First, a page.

To test this hypothesis, Lynn and Vanhanen (2002) examined the relationship between measured national IQs of 81 nations and GDP (gross domestic product) in 1998. The correlation was .73. It was argued from this result that national IQs explained 53 per cent of the variance in national per capita income, and therefore that it provided a major contribution to a long-standing problem in development economics first raised by Adam Smith (1776) in his Inquiry into the Nature and Causes of the Wealth of Nations, and summarized by Landes (1999) as the problem of “Why some are so rich and some are so poor”. The solution proposed by Lynn and Vanhanen (2002) to this question was that some are so rich partly because they have higher average IQs than those who are so poor. It was argued that this should be regarded as a causal relationship because it is an extension to nations of the established causal relationship of IQ to income among individuals.
This analysis was extended by Lynn and Vanhanen (2002) to all 185 nations in the world by using estimated IQs for nations for which no measured IQs were available. The correlation between national IQs for all 185 nations and per capita income measured as real GDP (Gross Domestic Product per capita, 1998) was .62. It was proposed that the lower correlation obtained with the 185 nations than with the 81 nations (.73) suggests some degree of inaccuracy in the estimated IQs.
This analysis was extended in a second study in which Lynn and Vanhanen (2006) gave measured IQs for 113 nations and estimated IQs for a further 79 nations, giving a total of 192 nations, comprising all the nations in the world with populations over 40,000. It was shown that for the 113 nations for which there were measured IQs, the correlation of national IQs with per capita income measured as GNI (Gross National Income at Purchasing Power Parity, 2002) was .68. For 189 nations the correlation of national IQs with per capita income measured as GDP (Gross Domestic Product per capita, 2000) was .64. Once again, the correlation of measured national IQs with per capita income (.68) is higher than the correlation using estimated national IQs (.64), suggesting some degree of inaccuracy in the estimated IQs.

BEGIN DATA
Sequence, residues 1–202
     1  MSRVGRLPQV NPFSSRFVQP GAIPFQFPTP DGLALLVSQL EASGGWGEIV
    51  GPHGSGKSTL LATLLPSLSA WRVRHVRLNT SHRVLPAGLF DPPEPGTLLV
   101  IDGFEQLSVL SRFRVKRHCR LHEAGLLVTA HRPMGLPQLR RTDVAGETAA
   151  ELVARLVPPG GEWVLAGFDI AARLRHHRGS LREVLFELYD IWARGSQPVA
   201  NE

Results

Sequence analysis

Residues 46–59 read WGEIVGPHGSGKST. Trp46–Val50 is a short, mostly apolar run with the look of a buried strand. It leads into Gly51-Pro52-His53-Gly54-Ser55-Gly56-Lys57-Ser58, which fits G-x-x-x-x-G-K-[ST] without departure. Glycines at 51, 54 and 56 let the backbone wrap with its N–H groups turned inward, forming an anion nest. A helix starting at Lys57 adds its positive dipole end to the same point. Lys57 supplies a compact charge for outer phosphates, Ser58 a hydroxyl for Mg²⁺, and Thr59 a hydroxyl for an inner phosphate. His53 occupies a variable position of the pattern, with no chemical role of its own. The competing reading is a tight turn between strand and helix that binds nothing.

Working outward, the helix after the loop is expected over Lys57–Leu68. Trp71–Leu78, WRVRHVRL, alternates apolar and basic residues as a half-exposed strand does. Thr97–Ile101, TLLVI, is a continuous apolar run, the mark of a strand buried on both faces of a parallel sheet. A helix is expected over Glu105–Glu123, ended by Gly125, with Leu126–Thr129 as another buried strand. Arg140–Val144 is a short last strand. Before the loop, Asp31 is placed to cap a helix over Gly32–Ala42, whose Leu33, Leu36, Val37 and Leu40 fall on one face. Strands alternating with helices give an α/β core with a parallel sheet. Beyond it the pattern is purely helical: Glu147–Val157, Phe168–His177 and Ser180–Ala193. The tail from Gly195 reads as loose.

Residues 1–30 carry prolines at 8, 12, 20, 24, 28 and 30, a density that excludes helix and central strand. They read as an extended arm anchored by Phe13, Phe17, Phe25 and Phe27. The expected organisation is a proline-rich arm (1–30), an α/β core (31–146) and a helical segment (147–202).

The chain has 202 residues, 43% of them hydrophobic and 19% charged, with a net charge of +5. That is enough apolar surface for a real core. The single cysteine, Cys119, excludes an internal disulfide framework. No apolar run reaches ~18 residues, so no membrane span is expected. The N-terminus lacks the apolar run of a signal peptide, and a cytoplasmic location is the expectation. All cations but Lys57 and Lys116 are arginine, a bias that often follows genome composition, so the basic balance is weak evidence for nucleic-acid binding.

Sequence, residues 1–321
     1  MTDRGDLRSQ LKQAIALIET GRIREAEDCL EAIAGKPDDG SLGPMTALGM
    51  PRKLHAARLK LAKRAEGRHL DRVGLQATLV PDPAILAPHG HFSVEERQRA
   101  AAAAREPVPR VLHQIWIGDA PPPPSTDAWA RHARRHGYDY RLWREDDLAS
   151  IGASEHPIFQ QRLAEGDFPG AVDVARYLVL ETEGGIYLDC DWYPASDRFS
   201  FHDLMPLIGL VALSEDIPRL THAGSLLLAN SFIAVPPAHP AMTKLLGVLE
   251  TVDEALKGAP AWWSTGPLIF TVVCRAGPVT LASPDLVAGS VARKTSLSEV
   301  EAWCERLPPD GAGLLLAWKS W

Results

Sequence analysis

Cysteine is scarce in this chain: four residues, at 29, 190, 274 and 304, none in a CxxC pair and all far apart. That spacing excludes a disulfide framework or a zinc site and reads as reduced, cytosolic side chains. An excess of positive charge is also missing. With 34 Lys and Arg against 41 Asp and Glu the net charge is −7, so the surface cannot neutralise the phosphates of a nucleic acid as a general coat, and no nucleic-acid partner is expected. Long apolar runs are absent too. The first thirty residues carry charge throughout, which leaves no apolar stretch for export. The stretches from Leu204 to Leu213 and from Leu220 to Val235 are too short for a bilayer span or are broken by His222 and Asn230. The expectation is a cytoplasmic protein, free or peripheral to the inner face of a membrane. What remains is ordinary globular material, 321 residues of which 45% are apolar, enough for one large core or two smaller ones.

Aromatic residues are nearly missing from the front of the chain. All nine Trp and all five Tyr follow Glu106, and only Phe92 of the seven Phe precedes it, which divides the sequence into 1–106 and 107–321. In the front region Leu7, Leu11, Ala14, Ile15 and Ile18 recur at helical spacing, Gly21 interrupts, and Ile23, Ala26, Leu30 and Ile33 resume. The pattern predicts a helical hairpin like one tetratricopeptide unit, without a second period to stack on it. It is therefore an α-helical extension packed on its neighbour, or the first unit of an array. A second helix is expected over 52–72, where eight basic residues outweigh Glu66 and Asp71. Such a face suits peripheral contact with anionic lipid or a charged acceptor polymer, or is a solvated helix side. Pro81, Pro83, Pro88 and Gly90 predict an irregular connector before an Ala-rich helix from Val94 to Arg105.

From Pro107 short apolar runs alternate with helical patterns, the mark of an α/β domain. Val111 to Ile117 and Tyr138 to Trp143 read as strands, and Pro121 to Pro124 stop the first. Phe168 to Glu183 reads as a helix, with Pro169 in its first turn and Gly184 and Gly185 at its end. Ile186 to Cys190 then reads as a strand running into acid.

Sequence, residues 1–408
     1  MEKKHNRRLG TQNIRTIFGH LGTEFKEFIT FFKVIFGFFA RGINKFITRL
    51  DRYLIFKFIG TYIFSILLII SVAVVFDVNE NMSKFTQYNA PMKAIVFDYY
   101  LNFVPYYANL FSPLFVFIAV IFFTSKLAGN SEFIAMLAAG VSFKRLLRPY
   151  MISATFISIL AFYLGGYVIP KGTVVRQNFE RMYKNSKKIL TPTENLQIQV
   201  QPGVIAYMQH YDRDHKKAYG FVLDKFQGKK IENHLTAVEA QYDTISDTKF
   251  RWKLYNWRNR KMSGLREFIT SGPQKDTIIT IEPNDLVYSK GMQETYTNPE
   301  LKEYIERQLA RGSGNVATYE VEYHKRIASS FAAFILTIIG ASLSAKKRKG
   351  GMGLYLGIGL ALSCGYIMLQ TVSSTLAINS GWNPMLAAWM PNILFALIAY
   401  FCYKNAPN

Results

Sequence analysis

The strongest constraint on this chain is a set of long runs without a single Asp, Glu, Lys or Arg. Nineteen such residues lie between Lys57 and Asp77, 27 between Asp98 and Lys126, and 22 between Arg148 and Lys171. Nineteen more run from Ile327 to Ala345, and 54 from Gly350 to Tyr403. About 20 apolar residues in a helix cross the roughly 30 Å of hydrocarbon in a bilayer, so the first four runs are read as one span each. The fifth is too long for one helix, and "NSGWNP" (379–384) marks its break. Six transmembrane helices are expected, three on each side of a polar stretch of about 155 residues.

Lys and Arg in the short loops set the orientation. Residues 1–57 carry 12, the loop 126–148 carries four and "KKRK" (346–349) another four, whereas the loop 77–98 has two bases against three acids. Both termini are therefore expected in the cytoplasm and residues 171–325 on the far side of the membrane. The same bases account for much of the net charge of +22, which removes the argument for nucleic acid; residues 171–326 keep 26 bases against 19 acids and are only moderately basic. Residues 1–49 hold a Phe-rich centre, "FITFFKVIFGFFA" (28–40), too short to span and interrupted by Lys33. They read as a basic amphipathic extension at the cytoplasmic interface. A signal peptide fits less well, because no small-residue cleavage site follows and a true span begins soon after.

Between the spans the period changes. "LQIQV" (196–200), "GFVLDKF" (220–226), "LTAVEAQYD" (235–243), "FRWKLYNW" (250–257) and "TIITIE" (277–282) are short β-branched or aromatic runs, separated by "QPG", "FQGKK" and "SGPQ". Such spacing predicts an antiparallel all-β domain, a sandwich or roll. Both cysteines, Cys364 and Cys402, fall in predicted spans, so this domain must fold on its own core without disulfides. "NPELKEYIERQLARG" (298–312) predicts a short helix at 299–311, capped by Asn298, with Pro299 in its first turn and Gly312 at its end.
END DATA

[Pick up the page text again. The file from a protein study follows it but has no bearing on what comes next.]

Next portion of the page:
These national IQs have evoked both interest and criticism. Some sceptics have dismissed them as “highly deficient” (Volken, 2003, p.411), “virtually meaningless” (Barnett & Williams, 2004, p.392), “technically inadequate… and meaningless” (Hunt & Sternberg 2006, pp. 133,136). For others, the calculation of national IQs has opened up a new field in which intelligence has explanatory power for a wide range of social phenomena. The calculation of national IQs and their correlates have been described by Rindermann and Ceci (2009, p. 551) as “a new development in the study of cognitive ability: following a century of conceptual and psychometric development in which individual and group (socioeconomic, age, and ethnic) differences were examined, researchers have turned their attention to national and international differences in cognitive competence. The goal is to use cognitive differences to understand and predict national differences in a variety of outcomes: societal development, rate of democratization, population health, productivity, gross domestic product (GDP), and wage inequality”.